Mandatory reporting to Title IX can hurt sexual assault survivors

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Photo Credit: Jeb Milling | Daily Texan Staff

The second time Ian McEntee, a humanities and sociology senior, was sexually assaulted, he didn’t file a Title IX report. He chose not to after he reported his first assault and the Title IX process made him “recall and divulge trauma that was still fresh to a room of strangers who were very cold and mechanical.”

However, survivors cannot always easily avoid their case being reported and opened. Given the system at UT, victims can lose the ability to make decisions after an incident already out of their control. If a student confides in an authoritative figure, be it a professor or a peer in a higher position of power in an organization, this person must tell Title IX. Title IX will then open an investigation, regardless of the survivor’s initial consent.

When someone’s choices are taken from them as a result of sexual assault, the University shouldn’t further strip them of control by forcing them to see their case open. Survivors handle their emotions and trauma differently, and the University needs to support how they decide to heal.

According to Shilpa Bakre, the University communications strategist, people who must report incidents make up a long list, ranging from academic advisers to resident assistants. This creates numerous opportunities for survivors’ cases to be reported to Title IX. It can also restrict the number of people they feel they can confide in, something that is important following trauma.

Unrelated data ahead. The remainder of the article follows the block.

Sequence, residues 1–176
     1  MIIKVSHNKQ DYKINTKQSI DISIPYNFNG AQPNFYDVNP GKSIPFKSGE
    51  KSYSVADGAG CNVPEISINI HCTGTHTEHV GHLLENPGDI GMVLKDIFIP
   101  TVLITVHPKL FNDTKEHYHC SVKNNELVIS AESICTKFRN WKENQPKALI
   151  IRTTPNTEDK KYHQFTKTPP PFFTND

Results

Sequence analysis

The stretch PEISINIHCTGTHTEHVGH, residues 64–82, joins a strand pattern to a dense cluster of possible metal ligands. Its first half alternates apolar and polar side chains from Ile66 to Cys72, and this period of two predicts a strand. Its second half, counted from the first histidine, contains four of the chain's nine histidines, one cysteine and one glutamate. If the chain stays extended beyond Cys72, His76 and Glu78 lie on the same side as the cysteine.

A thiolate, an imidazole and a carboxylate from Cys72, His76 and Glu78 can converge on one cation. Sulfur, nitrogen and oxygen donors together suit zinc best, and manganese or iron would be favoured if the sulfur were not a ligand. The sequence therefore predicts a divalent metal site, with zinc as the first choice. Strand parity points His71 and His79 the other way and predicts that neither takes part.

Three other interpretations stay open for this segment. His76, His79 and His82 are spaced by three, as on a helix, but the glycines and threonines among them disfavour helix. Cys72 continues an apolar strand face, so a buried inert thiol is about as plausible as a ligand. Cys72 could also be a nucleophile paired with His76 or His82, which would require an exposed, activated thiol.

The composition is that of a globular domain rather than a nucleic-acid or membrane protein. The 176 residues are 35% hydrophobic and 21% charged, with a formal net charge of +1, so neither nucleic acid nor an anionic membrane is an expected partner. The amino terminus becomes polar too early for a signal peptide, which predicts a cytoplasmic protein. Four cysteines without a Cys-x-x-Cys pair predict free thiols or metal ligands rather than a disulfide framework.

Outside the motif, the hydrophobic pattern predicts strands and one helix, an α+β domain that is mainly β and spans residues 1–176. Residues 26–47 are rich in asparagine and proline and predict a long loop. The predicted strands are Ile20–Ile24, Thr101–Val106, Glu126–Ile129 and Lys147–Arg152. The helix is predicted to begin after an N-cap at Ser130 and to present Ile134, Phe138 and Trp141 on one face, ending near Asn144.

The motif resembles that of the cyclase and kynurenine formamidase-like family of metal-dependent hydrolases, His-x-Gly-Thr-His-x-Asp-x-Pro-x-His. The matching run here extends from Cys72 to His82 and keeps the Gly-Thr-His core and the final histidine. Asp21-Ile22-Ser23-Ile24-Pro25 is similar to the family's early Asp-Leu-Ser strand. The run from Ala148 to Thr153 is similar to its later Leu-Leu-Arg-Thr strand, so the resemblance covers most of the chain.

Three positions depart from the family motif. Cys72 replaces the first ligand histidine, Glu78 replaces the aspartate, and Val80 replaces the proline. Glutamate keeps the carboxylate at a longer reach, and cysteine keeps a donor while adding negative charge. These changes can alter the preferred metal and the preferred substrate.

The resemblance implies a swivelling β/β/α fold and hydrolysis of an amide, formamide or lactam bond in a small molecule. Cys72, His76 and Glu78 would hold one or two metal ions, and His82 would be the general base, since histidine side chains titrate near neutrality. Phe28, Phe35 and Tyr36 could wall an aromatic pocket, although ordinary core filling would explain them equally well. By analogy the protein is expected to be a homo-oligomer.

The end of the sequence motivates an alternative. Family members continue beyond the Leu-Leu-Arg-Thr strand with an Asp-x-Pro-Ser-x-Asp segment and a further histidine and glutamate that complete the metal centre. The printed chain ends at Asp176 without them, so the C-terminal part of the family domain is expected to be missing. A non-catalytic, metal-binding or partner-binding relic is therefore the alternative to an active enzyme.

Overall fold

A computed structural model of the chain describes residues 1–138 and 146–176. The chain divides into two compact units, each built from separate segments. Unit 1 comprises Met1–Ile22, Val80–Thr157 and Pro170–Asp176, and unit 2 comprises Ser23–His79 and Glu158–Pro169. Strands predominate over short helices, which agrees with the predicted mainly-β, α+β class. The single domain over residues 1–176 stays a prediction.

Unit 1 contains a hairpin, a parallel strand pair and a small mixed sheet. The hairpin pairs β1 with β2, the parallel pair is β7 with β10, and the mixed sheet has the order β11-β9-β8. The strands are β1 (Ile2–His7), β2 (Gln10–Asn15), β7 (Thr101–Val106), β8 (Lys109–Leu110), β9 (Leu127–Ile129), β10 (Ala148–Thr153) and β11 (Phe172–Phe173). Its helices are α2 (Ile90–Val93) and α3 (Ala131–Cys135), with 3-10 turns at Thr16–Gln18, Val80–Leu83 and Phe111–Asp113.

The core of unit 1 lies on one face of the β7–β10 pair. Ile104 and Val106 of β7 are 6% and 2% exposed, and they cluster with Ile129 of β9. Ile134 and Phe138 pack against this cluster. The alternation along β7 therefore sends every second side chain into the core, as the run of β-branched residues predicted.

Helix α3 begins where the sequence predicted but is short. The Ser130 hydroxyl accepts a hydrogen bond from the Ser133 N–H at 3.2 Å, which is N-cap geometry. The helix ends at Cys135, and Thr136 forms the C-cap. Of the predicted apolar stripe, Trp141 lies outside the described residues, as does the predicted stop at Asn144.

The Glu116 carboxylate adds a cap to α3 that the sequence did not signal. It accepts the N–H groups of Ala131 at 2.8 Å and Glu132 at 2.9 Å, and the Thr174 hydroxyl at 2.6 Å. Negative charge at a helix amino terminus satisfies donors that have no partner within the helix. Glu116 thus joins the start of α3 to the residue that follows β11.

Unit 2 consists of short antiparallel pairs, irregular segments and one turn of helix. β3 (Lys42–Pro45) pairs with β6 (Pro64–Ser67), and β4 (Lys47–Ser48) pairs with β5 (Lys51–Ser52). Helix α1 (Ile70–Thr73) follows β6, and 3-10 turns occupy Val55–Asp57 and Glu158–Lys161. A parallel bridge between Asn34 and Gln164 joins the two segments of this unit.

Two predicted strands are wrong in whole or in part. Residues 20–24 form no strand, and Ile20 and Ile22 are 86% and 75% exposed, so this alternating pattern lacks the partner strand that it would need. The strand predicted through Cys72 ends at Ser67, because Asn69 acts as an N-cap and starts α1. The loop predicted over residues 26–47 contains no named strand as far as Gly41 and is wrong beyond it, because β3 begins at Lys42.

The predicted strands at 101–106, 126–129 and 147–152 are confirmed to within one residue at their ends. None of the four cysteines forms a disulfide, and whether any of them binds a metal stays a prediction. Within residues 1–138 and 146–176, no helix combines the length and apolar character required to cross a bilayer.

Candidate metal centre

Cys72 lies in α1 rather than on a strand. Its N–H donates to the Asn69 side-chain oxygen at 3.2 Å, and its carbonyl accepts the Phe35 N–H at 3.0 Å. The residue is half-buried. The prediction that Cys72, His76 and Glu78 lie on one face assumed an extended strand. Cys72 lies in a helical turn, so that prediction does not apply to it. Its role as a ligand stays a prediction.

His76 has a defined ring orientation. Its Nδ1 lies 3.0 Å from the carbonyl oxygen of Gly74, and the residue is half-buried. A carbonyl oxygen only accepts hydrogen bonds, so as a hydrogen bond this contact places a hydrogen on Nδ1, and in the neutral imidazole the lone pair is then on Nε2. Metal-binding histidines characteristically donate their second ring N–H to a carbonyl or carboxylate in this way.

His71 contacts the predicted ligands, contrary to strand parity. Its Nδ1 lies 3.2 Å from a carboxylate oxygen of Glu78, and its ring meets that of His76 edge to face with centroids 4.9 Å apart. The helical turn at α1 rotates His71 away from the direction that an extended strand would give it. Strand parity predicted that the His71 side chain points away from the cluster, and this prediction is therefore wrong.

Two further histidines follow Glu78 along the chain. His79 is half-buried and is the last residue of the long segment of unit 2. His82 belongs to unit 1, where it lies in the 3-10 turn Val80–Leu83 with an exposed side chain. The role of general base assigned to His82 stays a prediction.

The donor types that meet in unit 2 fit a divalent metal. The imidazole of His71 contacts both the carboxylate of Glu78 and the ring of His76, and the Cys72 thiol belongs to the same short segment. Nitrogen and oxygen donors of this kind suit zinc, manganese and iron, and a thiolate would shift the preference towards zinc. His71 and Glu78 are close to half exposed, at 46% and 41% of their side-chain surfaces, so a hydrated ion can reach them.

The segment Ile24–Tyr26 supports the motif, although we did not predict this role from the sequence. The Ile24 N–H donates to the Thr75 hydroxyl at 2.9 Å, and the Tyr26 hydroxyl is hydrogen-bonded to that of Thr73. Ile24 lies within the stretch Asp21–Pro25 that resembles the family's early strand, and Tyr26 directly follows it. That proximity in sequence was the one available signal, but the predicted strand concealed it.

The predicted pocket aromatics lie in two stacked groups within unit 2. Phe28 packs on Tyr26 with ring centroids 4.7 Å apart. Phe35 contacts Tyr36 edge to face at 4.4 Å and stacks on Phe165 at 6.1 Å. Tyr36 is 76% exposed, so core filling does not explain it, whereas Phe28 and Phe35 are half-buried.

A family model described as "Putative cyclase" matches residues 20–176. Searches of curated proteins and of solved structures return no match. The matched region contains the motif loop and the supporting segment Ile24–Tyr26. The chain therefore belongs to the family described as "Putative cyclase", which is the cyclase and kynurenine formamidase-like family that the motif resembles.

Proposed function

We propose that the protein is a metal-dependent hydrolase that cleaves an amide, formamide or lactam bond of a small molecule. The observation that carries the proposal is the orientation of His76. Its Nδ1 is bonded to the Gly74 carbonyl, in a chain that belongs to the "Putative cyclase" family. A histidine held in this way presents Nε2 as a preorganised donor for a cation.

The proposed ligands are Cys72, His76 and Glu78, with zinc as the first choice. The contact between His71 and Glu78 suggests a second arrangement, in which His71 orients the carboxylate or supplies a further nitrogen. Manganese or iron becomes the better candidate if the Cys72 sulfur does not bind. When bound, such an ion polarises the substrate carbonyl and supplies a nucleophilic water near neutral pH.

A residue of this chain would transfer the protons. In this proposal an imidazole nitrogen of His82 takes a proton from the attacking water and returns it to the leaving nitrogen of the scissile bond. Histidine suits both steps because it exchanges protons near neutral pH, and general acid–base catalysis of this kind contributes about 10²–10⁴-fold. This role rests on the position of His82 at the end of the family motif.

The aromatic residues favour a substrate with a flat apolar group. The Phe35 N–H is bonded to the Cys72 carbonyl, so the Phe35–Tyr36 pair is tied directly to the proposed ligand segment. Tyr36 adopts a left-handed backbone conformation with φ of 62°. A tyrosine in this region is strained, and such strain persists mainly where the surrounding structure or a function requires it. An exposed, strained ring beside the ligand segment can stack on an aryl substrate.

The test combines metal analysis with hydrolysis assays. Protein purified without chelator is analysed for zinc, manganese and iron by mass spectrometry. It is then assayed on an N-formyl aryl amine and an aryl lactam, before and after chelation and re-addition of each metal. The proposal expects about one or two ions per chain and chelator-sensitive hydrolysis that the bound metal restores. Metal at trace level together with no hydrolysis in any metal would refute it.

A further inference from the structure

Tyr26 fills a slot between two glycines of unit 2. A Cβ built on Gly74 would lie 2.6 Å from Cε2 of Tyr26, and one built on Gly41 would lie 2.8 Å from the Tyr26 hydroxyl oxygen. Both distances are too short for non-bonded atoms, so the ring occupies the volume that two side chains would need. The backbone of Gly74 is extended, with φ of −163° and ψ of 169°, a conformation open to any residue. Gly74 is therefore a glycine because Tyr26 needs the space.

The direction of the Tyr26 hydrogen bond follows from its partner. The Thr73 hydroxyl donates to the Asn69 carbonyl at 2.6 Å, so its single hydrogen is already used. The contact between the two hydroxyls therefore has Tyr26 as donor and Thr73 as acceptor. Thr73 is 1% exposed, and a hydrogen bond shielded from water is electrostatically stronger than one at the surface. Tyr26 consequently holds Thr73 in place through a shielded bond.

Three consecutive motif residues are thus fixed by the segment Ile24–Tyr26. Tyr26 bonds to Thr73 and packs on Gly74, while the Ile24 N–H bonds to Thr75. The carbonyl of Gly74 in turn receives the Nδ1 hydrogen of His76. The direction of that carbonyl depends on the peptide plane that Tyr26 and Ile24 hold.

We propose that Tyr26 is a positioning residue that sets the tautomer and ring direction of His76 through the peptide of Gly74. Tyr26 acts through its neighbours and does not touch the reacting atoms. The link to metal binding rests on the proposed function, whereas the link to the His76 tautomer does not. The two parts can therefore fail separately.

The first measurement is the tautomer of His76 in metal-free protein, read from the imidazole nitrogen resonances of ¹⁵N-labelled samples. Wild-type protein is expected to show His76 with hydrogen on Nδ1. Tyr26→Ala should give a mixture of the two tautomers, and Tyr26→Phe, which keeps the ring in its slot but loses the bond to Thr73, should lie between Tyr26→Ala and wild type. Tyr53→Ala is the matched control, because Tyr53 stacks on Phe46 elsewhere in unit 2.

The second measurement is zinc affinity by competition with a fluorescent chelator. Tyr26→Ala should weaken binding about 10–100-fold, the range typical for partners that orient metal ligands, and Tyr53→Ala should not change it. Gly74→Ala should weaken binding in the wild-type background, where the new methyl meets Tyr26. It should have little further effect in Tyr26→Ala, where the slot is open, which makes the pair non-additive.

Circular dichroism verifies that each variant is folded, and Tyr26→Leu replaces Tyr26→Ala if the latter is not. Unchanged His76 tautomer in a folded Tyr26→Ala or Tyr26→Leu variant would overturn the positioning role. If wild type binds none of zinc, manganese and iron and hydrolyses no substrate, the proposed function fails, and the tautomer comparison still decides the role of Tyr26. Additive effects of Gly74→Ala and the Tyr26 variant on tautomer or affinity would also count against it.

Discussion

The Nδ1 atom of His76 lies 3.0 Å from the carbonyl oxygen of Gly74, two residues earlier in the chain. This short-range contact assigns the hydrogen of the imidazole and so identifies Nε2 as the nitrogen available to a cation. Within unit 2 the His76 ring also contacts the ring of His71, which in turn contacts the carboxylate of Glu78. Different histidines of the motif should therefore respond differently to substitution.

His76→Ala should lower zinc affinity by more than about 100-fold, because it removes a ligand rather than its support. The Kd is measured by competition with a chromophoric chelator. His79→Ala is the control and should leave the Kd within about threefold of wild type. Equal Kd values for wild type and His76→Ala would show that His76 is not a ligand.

Survivors, including McEntee, can feel like they can’t turn to mentors for guidance or confide in their advisors for fear that they will be forced into an unwanted Title IX process.

“Mandatory reporting removes all aspects of self-control,” McEntee said. “The survivor is no longer in charge of their own story. I live in this constant fear of, 'Is today the day I slip up and have to go through this process?’”

There are resources on campus that survivors use to speak about their assault with complete confidentiality. These resources also assist in providing victims with academic accommodations. However, a victim may not be inclined to speak about their trauma to a complete stranger. Over 75 percent of victims first confide in a close friend, roommate or family member.

Students are more likely to divulge the highly personal details of sexual assault with someone they are familiar with, like a professor or a mentor, but students shouldn’t lose privacy or unintentionally open a Title IX investigation by confiding in someone they trust.

Survivors of sexual assault need access to resources and accommodations so that they are not left helpless in a great time of need, but right now they cannot access all those resources without losing autonomy.

The University needs to change its system of mandatory reporting to protect the autonomy of survivors. Nobody should be forced into dealing with a Title IX case when they want to leave the trauma behind them. Mandatory reporting, while essential to ensuring the University doesn’t repress reports of sexual assault, can also be incredibly harmful to victims who do not wish to deal with a Title IX case.

If UT redefined mandatory reporters to exclude professors, RAs, TAs, coaches and mentors, survivors of sexual assault could get the help they need without the stress of opening a Title IX investigation. Instead of requiring employees to report to Title IX, UT should allow them to report to a confidential advocate or Student Emergency Services representative. It is great students can open a case through Title IX, but it is wrong to follow a system that forces students to do so if it’s not their intention. Survivors deserve a choice — not further limitations on their autonomy.  

Dighe is a Plan II and neuroscience sophomore from Houston.